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Summary: How can these things be? That was the question Nicodemus asked Jesus in our passage today. Do you ever find yourself asking that question?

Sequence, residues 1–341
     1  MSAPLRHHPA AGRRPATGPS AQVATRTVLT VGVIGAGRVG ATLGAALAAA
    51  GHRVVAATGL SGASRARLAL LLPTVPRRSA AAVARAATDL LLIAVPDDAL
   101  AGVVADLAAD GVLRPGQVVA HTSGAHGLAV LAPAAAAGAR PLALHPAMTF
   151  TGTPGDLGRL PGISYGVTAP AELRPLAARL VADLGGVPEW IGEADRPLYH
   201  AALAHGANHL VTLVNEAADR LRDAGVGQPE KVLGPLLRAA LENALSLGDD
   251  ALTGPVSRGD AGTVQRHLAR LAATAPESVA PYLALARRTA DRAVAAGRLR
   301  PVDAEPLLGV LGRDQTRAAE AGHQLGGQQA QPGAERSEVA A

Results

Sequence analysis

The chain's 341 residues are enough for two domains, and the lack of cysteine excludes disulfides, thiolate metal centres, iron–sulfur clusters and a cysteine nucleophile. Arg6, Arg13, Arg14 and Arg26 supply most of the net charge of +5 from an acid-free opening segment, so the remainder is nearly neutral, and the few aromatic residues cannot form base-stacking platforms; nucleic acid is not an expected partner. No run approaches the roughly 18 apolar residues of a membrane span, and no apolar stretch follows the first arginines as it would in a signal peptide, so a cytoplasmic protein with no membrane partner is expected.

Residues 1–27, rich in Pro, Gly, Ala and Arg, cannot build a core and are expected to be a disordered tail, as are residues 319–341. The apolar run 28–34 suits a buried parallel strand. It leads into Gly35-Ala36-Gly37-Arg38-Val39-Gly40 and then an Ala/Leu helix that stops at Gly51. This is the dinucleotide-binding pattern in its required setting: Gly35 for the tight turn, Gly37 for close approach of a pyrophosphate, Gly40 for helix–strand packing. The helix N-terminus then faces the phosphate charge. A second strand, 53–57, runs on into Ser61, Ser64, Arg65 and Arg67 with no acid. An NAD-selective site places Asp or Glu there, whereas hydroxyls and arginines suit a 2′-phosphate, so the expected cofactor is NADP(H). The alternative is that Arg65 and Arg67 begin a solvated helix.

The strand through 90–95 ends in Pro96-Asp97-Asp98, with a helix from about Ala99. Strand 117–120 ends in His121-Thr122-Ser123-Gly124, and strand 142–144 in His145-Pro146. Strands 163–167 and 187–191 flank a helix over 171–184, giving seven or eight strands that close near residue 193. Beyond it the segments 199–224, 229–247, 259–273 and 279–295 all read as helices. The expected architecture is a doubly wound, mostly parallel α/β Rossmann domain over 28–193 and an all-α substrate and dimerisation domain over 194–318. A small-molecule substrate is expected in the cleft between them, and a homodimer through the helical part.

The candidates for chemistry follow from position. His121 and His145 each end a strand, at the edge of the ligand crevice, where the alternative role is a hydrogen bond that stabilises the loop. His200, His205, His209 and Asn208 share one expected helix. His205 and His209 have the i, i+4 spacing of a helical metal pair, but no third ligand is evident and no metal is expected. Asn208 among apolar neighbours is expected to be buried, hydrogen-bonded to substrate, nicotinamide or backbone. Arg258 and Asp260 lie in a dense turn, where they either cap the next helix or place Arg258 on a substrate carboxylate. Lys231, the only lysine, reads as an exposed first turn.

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A few weeks ago, when we looked at 2:23-25, I titled the sermon, “Belief That Isn’t.” This morning, I’m using the title, “Belief That Is.” Before John introduced us to the person of Nicodemus in chapter 3, he took just a few verses to describe the vast majority of people who were around Jesus at that time. If you remember, those were the people who had witnessed the miracle of Jesus turning the water into wine. Those were the people who had witnessed Jesus showing His authority by throwing the money changers out of the temple. Those were the people who saw Jesus perform many miracles there in the temple during that Passover time. They saw all those wondrous things, yet 2:24 says that Jesus didn’t commit Himself to them. He didn’t commit Himself to them, because they didn’t have true belief in Him. They believed Jesus for what He could do, but they didn’t believe Him for who He really is. And then John introduces us to Nicodemus. Remember that Nicodemus was a Pharisee. He was the man who had all the answers. The only problem was, all his answers were to the wrong questions. And Jesus told him so. He told him he was going to have to have a fresh start. He couldn’t improve on the package one bit. He had to start all over again. He had to be completely born again. And that brings us to our passage this morning. Has anyone ever told you something that was so foreign to you that it made absolutely no sense at all? I remember when I was in high school and my teacher was trying to explain chemistry to me. It made absolutely no sense. Last year, Katelyn had some pre-chemistry stuff in her science class that she was having trouble with. I went online to get some help trying to figure it out for myself so I could help her with it. And then I remembered. As soon as those pictures came up on the screen with all the letters and lines… I got that same old feeling. I didn’t have a clue. I would say that it was Greek to me, but I can at least recognize what I’m looking at when I see Greek. When I see a problem that has some atoms on this side and some atoms on that side… and then they tell me it makes some molecule on that side… I find myself with Nicodemus—“How can these things be?” It makes absolutely no sense to me. I’m not that smart, but I’m not an idiot either. How can I not figure it out? Because I’ve got a mental block. Because I might be thinking—I’m just not thinking the right way. That was what Nicodemus’ problem was. He was thinking. As a matter of fact, he was thinking hard. That’s why he was there in the first place. He was trying to figure out how this man could do miracles that only the power of God could allow Him to do… he was trying to figure out how to line that up with the fact that when Jesus called Himself the Son of God, in his mind it was blasphemy. So Nicodemus was trying to figure out how a blasphemer could perform the miracles of God. And it didn’t make sense. And it made a whole lot less sense when Jesus told him he was going to have to be born again before it would ever make sense. So Nicodemus pushed the issue. He said, “Jesus, none of this makes any sense—you’re going to have to completely break it down for me. I’m not going to believe you until you show me exactly what’s going on here.” And I want you to see what Jesus’ answer was in verse 11. He said, “I’ve been telling you things that both of us already know. I told you about birth. You know about the birth process, right? Well, I explained to you that you had to have a spiritual birth just like you had a physical birth. That wasn’t that difficult. You know those things. You’ve seen those things. But you know what? Even though the facts are as plain as the nose on your face, you still don’t believe.” You see, Nicodemus’ problem wasn’t that he had a lack of facts. His problem wasn’t that he had a lack of knowledge. Nicodemus was a biblical scholar. He knew the Scripture backwards and forwards. And you couple that with what Jesus told him about being born again… Nicodemus had all the information he needed and more. The problem was that he refused to put it all together. He refused to take what he knew and apply it to his life. It’s like when I saw all those chemistry pictures and refused to apply the simple math formulas to them. I saw them and immediately said, “I don’t get it.” And when I said that, I built up a wall in my mind that made sure I didn’t get it. When Nicodemus said, “How can these things be,” he was busy building a wall. Have you built a wall that keeps you from trusting Jesus? Have you built a wall that keeps you from believing Him enough to trust Him as your Lord? When you line your life up against the Word of God, do you find yourself asking, “how can these things be?” If you have, then Jesus responds to you the same way He responded to Nicodemus in verse 12. He says, “If you refuse to accept the plain teaching I’ve already given you… how do you expect me to tell you about things you really can’t understand?” You see, in His infinite wisdom, Jesus saw that Nicodemus was wanting some type of special revelation from Jesus. He wanted proof. He wanted Jesus to boil it all down to plain facts that would take any mystery away. But Jesus doesn’t do that. Jesus demands that we all come to Him in faith. The only time that all the mystery will be revealed is in the last day. And if you haven’t believed before that day, you won’t want to see what is revealed to you then. Jesus gives us everything we need to believe in Him. And then He expects us to believe. In verse 13, He tells Nicodemus that in so many words. He says, “Nicodemus, I’m not going to take you up into heaven and give you all the answers. If I did, that would be sight and not faith. Nicodemus, you are in a point of need. And when you are in a point of need, you have to trust.” Guess what? You are in a point of need this morning too. And because you are in that point of need, you have to believe. Here in the last couple of verses of our passage, Jesus reminds Nicodemus of an event that was recorded in the Old Testament in Numbers 21. I want to take you back to the passage that Jesus is using here. Turn back with me to Numbers 21.